Nutrition-wise blog

Get in the habit of paying attention to portion sizes

By Jennifer K. Nelson, R.D., L.D. and Katherine Zeratsky, R.D., L.D. March 21, 2014

March is National Nutrition Month and this month's habit is right in line with this theme. It's about paying attention to portion sizes.

Research shows that we often eat more when we are presented with larger portions. Over the past few decades, portions sizes have dramatically increased. Remember 7-ounce soda bottles? Those had 85 calories. Compare that to the 250 calories in the 20-ounce varieties commonly purchased today. Today's muffins are so large they make muffins of years past look like mini-muffins. Americans are eating nearly 2.5 times the number of calories too.

Because eating can be an automatic behavior, awareness of portion sizes — and calories — is the first step to making healthier food choices. Here are some tips to guide you:

  • Know your numbers. Start by figuring how many calories are right for you. Mayo Clinic has an online tool to calculate your daily calorie needs.
  • Focus on nutrition. Go for larger portions of vegetables and fruits that provide a hefty dose of nutrients, such as vitamins, minerals, antioxidants and fiber, without a lot of calories. Eat smaller portions of higher calories foods, such as sweets or foods that have high amounts of added sugar and fats.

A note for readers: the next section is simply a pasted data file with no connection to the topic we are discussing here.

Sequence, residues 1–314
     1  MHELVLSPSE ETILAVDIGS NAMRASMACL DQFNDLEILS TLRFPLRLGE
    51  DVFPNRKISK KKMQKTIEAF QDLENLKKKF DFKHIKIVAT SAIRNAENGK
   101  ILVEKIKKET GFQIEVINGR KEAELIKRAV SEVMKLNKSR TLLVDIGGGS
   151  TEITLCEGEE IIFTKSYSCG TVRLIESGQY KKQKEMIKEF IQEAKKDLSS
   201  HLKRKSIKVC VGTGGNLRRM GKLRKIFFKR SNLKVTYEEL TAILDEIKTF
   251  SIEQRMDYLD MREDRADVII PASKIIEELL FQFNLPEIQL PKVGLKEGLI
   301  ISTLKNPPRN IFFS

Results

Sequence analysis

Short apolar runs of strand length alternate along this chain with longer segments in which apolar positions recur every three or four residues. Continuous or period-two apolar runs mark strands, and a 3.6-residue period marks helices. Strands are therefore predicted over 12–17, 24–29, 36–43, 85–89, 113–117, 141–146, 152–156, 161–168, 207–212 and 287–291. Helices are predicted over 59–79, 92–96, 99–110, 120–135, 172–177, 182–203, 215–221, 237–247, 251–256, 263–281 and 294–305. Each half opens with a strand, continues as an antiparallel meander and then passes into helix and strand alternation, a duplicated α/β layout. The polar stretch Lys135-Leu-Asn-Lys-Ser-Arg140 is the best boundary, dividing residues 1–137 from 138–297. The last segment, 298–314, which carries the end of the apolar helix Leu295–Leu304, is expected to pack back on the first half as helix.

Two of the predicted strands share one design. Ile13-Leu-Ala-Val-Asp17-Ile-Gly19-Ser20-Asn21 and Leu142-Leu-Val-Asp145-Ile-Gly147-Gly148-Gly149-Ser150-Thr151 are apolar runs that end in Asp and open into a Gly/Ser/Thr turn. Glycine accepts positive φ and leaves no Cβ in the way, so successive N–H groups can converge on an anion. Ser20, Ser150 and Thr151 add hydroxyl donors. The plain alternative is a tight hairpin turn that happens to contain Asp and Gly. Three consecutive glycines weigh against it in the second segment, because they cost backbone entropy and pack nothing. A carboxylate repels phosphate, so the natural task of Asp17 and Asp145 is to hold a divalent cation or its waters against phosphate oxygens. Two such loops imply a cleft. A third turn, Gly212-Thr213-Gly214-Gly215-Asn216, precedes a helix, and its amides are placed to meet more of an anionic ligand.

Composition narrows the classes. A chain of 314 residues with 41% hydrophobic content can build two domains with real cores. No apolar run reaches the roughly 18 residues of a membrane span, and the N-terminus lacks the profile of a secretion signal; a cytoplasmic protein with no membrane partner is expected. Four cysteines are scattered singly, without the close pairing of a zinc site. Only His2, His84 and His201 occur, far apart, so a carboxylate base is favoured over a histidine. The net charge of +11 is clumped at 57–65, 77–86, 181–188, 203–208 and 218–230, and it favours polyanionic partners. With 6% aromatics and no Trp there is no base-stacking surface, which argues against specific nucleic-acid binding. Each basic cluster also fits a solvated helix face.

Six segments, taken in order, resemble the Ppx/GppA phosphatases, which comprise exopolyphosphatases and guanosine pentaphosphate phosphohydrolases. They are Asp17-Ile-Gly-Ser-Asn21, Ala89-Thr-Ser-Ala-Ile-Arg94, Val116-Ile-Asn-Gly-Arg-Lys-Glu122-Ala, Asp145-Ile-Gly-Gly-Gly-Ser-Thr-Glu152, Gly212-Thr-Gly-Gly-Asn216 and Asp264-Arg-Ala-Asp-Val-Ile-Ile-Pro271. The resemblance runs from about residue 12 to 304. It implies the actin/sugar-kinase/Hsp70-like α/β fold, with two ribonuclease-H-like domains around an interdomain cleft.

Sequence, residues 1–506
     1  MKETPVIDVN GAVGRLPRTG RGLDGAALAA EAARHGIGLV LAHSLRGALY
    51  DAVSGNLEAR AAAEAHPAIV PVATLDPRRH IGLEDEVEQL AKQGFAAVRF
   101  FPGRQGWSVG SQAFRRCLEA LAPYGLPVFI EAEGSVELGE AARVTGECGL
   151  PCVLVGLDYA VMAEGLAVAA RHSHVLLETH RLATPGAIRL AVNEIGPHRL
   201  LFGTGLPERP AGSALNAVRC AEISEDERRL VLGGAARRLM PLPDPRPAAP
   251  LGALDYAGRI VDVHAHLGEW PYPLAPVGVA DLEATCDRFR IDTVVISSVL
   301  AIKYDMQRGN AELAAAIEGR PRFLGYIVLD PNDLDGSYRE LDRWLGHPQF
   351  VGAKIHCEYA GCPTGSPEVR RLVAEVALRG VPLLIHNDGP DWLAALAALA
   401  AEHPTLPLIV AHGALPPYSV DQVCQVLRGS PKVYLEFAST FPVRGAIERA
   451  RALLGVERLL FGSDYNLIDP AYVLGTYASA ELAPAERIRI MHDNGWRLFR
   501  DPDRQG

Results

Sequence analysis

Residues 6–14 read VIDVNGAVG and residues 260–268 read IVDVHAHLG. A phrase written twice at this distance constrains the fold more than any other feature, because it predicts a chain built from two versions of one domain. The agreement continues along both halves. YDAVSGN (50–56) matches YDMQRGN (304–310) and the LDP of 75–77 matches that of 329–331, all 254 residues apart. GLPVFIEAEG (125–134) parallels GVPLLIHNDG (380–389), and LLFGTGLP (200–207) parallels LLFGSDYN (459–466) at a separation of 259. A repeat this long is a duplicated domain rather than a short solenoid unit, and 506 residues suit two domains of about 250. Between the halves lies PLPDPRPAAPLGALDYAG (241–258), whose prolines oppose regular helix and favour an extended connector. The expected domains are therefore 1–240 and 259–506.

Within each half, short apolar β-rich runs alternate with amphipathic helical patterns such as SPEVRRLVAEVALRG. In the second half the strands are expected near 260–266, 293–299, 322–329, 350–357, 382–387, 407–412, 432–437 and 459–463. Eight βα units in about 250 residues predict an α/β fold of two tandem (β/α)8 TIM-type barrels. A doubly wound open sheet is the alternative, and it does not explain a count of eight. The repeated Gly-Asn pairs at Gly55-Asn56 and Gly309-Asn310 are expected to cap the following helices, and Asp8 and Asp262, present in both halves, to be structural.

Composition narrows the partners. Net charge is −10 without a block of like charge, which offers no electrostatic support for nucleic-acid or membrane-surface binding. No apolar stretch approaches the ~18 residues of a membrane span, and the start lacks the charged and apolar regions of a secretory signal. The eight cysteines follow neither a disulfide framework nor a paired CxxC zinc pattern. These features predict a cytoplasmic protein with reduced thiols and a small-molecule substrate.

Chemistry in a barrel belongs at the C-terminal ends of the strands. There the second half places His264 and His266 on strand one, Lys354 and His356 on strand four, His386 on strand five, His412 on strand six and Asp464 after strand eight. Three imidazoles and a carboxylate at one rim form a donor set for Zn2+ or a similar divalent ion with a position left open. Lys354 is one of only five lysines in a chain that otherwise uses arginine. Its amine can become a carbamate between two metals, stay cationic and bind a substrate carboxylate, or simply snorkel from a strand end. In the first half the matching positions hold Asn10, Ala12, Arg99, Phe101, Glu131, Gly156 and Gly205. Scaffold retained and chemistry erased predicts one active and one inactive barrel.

• Understand serving size vs. portion size. A portion is the amount you choose to eat. A serving is a precise amount of food defined by cups, ounces, grams, or other measurement. You will find serving sizes on food labels or within a eating plan such as the Mayo Clinic Diet or the U.S. Department of Agriculture food plans.
  • Learn visual cues for serving size. Visual cues can be helpful to define servings. Consider these: A hockey puck is about the size of a 1/2 of a bagel, 1/2 cup of pasta or 1/2 cup of dried cereal. Another common visual cue is a deck of cards for 3 ounces of meat.
  • Eat mindfully and enjoy your food. Many of us eat for reasons besides hunger. Emotions, such as happiness or sadness, and stress or being distracted by a TV, computer or phone can lead you to eating larger portions without realizing it.

Take advantage of National Nutrition Month and explore these opportunities:

  • Look for nutrition programs in your community. Your library, senior center or fitness center may offer opportunities to learn more about nutrition.
  • Get out your measuring cups and spoons and take note of your actual portion sizes. How do they tally up against your daily calorie needs?
  • Fill your plate with more vegetables and fruits. Does this affect your feeling of fullness?
  • Try turning off screens during meal and snack times. Does it change your appreciation for the amount and taste of the food you eat?

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Mar. 21, 2014